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A Plastic Surgeon Gets the Chance to Help Fellow New Yorkers During the COVID-19 Pandemic

Peter J. Taub, MD, MS, FACS, FAAP
American Board of Surgery
Specialty: Surgery
American Board of Plastic Surgery
Specialty: Plastic Surgery

On September 11, 2001, Peter Taub, MD was in Los Angeles, completing his last year of medical training. Born and raised in New York City, he felt out of place as he watched his beloved city suffer in the aftermath of the terrorist attacks that happened 2,700 miles away.

When the global COVID-19 pandemic hit New York City in 2020, Dr. Taub was grateful to be present and eager to help his city however he could.

Teamwork
The Department of Surgery at the Mount Sinai Health System arranged and deployed teams of surgeons, nurses, residents, and support associates to work in needed areas across the health system, from ICUs to ERs, to inpatient floors, to help COVID-19 patients.

“For six weeks during New York’s COVID-19 surge, I was assigned to different teams, with varied schedules, at three diverse hospitals,” said Dr. Taub. “There was a medical crisis and we simply went where we were needed most.”

The type of patient care Dr. Taub provided was different, as well. “In my specialty of plastic surgery, it is not often that we take primary care of the critically ill or experience the death of a patient. During the pandemic, we lost at least one patient to COVID-19 during each shift. It was heartbreaking.”

Despite the painful losses, Dr. Taub was grateful for the opportunity to help the majority of patients. “As difficult as it was being on the COVID-19 front line, this experience reaffirmed my desire for a career in health care.”

Family
After each exhausting and emotional shift, Dr. Taub changed clothes, scrubbed up, and then went home to his New York apartment. In the shared public hallway, he disrobed, put on the towel his wife left for him, placed his clothes in a garbage bag, and headed right to the shower. “Even though my wife knew we were very careful and that we used personal protective equipment, she was nervous about infection. My children seemed to handle it well. To them, I was just their dad.”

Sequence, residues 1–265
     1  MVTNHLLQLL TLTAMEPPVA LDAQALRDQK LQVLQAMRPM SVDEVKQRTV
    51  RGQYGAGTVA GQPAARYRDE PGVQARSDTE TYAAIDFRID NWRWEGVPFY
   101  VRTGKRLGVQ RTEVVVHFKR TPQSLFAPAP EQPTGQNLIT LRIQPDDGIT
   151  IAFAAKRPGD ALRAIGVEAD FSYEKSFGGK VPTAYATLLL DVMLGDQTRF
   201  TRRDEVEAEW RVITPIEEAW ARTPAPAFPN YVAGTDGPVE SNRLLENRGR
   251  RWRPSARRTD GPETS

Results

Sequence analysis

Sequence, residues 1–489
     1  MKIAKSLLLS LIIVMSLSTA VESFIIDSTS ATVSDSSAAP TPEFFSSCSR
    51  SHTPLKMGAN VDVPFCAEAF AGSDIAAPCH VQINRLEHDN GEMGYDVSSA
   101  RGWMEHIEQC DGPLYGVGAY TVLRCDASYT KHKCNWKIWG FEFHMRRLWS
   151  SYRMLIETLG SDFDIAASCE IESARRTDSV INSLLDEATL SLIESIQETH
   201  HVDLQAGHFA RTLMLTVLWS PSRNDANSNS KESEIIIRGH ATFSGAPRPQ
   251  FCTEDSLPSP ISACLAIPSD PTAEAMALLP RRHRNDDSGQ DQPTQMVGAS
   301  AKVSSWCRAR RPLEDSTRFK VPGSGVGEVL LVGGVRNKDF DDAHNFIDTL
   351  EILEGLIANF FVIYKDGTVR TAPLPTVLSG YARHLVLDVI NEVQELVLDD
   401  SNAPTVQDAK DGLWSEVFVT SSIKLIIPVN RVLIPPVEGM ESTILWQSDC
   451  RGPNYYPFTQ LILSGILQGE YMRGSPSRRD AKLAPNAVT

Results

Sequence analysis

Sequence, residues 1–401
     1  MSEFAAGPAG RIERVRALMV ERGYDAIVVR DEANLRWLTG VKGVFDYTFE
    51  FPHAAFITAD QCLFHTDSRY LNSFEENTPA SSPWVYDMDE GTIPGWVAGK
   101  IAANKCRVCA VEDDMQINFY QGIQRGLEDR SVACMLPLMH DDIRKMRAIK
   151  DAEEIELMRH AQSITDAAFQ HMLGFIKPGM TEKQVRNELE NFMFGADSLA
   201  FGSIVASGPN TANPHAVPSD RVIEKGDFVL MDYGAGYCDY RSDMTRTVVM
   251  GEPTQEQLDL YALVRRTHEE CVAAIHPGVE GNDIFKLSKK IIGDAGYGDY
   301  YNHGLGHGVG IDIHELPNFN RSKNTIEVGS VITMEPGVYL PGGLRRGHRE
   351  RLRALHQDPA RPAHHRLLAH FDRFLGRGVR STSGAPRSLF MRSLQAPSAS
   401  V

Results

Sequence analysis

Education
While caring for COVID-19 patients, Dr. Taub took advantage of timely online information offered by the American College of Surgeons and the Society of Critical Care Medicine.  He re-learned ventilator management and its specific use in COVID-19 patients and brushed up on acid/base physiology and management.

To share his perspective on the unexpectedly critical role of plastic surgeons during the pandemic, Dr. Taub authored “Plastic Surgeons in the Time of a Pandemic—Thoughts from the Front Line”, a viewpoint article in Plastic and Reconstructive Surgery. In the article he notes that “plastic surgeons shouldn’t be sitting on the sidelines of this or future crises. We have too much to offer as physicians, surgeons, colleagues, and mentors.”

The Future
Despite epidemiologists predicting another pandemic surge in the fall, Dr. Taub says he is hopeful about the future. “In the past decade, the warning signs were there that a global pandemic of this scope was not only possible, but likely. Unfortunately, COVID-19 was not taken as seriously as it should have been not as early as it should have been. All of us, from government to health care professionals, learned a lot and we will be ready for the next time.”

Certified by the American Board of Surgery (ABS) and the American Board of Plastic Surgery (ABPS), Dr. Taub serves as Professor of Surgery, Pediatrics, Dentistry, Neurosurgery, and Medical Education at the Icahn School of Medicine at Mount Sinai as well as Attending Plastic and Reconstructive Surgeon at the Mount Sinai Medical Center and Elmhurst Hospital Center, all in New York, NY. He is a member of the Board of Directors for the ABPS.

(Published: June 24, 2020)


Read more stories from the COVID-19 front lines.

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